Parkway Drive’s Winston McCall: “No-one opens doors for us, we kick them in!”
“When we played Bottom Feeder, the whole fucking place jumped,” smiles Winston McCall. “I was watching the relay towers – because the sound is delayed going back, everyone jumps at different times – and it was these waves going all the way to the horizon. I’m standing there thinking, ‘What are we doing?!’ Realising that you’re connecting with that many people is hard to wrap your head around – being the catalyst for that community.”
Sat in the London office of Kerrang!, fighting the jetlag courtesy of his flight from Australia, the Parkway Drive frontman is reliving what he believes to be the greatest show of his life: the band’s epic headline set at Wacken festival in Germany last year – the mecca for all things heavy.
“It’s so insane,” he continues, with the world’s widest grin still stretched out across his face. “It’s this incredibly personal expression of literally a handful of people onstage, doing this thing that originated in a garage, [playing] on a stage the size of a fucking skyscraper.
“You stop being able to see faces. It’s like watching a TV screen, but there’s no reception, just dots of colour. They’re singing your words back to you, except they speak German and you speak English, but they’re still singing in English because it means something to them. The sensory stimulation from that is indescribable.”
A crowd of over 80,000 watched Parkway Drive close Wacken. Having only played the festival once before back in 2016, three years later they had graduated to the top of the bill.
“It’s hard not to feel joy when you look down and there’s a thousand people standing in a row, smiling at you. In that moment you break character and just grin, before going back to screaming your guts out (laughs).”
The laughter and elation that last summer’s Reverence tour brought to Parkway is far removed from the emotions and experiences that fed into it. Sonically, it followed previous album Ire’s lead in threading bombastic heavy metal into their crunching hardcore template, but conceptually it was much darker. It was a vehicle for Winston to channel pain, tackling a wide variety of heavy subject matter, from child abuse in the Catholic church, toxic fame and police brutality, to the devastating personal loss of his dog Monty, and his good friend Tom Searle from Architects.
And yet, through all of the hardship and heartache, Reverence catapulted the Byron Bay bruisers into the largest venues they’ve ever played, setting themselves up as not just one of the biggest heavy bands going today, but one of the most important. In the space of a single record they went from headlining London’s Brixton O2 Academy (then the pinnacle of their career) to a summer run headlining festivals, from Spain’s Resurrection to the UK’s own Bloodstock Open Air. Not bad for a pack of scrappy underdogs.
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That term has long been synonymous with Parkway Drive, ever since the song Wild Eyes from 2012 album Atlas featured the immortal line, ‘Viva the underdogs’. Soon it became a war cry, and now it’s the title of their new documentary movie. The feature-length doc follows the band on their landmark summer trek across Europe to their climax at Wacken – from initial planning meetings about ambitious pyrotechnics to its eventual execution – glued together with candid footage of what it’s really like within the touring machine.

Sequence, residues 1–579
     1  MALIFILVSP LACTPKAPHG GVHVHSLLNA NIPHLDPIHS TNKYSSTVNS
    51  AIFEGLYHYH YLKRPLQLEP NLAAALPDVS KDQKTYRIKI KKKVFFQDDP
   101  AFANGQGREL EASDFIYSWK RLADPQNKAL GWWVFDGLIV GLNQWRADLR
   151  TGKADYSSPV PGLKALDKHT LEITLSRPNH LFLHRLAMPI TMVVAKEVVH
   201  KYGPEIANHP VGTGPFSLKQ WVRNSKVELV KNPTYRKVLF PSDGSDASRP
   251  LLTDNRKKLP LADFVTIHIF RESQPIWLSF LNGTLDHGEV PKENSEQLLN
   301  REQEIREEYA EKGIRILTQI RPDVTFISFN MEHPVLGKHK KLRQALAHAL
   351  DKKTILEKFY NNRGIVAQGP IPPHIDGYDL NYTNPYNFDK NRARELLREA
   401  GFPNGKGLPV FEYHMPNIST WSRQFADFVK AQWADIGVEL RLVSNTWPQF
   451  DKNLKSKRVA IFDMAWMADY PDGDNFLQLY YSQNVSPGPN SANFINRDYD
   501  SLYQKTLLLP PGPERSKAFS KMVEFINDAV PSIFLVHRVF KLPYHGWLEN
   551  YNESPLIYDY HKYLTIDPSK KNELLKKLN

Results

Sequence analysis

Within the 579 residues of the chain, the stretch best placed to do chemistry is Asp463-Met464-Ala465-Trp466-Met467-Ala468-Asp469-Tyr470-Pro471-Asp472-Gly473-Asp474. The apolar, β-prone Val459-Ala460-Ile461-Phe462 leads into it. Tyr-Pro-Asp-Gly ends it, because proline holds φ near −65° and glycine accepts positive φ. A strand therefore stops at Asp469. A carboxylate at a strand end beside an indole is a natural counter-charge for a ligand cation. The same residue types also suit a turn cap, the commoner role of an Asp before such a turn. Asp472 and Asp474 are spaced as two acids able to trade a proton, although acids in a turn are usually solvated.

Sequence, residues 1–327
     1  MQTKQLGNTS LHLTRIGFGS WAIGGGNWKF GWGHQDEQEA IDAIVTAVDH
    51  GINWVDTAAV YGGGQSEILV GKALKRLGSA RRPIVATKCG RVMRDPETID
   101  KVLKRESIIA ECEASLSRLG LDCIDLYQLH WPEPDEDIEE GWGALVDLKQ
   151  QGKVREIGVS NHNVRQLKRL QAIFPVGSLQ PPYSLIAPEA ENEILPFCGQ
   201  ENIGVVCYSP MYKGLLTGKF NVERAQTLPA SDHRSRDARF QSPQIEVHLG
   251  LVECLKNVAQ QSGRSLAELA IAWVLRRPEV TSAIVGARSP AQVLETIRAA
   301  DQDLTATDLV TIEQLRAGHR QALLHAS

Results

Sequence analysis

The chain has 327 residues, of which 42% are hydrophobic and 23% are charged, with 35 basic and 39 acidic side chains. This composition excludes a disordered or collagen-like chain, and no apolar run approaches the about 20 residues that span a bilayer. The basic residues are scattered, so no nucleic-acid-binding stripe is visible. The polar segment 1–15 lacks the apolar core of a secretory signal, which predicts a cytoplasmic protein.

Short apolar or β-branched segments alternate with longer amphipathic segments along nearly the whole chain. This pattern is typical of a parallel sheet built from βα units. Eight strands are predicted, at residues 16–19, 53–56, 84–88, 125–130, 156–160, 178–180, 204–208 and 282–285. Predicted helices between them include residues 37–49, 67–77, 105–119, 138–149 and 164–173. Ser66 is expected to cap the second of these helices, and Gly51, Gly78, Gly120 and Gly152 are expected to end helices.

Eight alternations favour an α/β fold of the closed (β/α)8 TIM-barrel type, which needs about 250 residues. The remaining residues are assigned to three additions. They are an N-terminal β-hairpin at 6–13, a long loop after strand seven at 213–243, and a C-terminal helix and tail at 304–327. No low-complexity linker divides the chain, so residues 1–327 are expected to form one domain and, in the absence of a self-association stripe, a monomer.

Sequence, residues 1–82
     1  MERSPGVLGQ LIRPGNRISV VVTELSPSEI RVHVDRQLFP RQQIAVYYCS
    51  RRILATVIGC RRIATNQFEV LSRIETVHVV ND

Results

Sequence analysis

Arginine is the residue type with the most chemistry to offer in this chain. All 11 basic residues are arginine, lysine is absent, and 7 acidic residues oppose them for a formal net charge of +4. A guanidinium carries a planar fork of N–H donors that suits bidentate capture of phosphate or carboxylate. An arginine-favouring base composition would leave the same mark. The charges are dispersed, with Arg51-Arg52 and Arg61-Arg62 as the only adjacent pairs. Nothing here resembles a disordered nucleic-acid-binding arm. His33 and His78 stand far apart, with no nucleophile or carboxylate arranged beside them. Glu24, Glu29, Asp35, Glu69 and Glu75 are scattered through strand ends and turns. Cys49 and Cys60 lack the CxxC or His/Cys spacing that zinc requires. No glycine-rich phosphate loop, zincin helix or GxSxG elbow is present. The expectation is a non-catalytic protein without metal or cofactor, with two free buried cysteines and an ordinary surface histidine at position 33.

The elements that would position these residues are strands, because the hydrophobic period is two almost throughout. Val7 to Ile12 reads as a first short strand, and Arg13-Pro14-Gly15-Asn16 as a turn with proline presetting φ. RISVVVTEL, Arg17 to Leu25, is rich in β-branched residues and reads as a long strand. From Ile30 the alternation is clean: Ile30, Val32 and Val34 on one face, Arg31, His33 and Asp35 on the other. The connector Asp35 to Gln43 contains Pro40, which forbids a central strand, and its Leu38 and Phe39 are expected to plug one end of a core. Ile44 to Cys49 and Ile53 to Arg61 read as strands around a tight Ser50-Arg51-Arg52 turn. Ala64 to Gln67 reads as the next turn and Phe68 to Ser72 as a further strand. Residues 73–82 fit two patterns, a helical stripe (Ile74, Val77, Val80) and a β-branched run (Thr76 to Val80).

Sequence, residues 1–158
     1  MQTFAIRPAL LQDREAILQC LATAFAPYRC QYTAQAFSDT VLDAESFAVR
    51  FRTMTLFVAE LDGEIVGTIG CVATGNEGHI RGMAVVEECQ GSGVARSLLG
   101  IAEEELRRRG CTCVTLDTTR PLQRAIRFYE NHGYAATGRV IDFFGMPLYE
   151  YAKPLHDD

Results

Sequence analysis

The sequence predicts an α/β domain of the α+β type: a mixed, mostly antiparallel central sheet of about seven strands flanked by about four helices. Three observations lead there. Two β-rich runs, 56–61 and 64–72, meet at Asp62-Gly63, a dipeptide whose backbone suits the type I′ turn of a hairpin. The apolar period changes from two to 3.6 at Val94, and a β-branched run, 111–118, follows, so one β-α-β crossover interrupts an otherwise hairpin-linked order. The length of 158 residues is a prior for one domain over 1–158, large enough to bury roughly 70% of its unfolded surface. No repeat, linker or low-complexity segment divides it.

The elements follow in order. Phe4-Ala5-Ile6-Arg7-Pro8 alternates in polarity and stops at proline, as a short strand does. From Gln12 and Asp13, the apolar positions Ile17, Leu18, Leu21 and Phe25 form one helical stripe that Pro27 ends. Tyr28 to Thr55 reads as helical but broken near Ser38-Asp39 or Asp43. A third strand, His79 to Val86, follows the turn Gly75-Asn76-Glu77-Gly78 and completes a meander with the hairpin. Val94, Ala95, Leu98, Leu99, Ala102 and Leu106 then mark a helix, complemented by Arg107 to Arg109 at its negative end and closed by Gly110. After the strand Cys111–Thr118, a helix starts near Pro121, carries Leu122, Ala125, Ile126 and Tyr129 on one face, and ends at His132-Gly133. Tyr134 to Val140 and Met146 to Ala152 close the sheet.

“Over the past couple of years people are flocking to see movies about the rock industry – Bohemian Rhapsody, Rocketman, The Dirt – from an era that predates the digital revolution,” says Winston. “While there might be a bunch of fans from back then who can relate to that, we wanted to put out something that would make people go, ‘Oh, this is what it’s like being in a band.’
“It might not be a story of private jets, piles of coke and spiralling into madness, but it’s real.”
Viva The Underdogs is Parkway’s third documentary, following on from 2012’s Home Is For The Heartless. A lot has changed in that time, however, most noticeably the sheer scale of their operation these days.
“You rock up to the first production meeting for the tour with the same five guys that you shared vans and scrounged for food with back in the day, and then you look around and 48 other people are now involved, and you think, ‘Fuck! This is big.’”
Frankly, it’s staggering that Parkway have even made it this far. Not through lack of talent or ambition, but circumstance and adversity. When the band started, their hometown had the highest unemployment rate in all of Australia. Back then, Winston was flipping burgers in a café, Ben (Gordon, drums) and Jia (O’Connor, bass) were washing dishes in a pizza shop, while Jeff (Ling, guitar) worked in a video store and Luke (Kilpatrick, guitar) was growing wheatgrass for a juice company.
They had to make a choice. Nobody was going to keep those day jobs on hold for them while they toured, so in order to live they’d have to gig as much as humanly possible.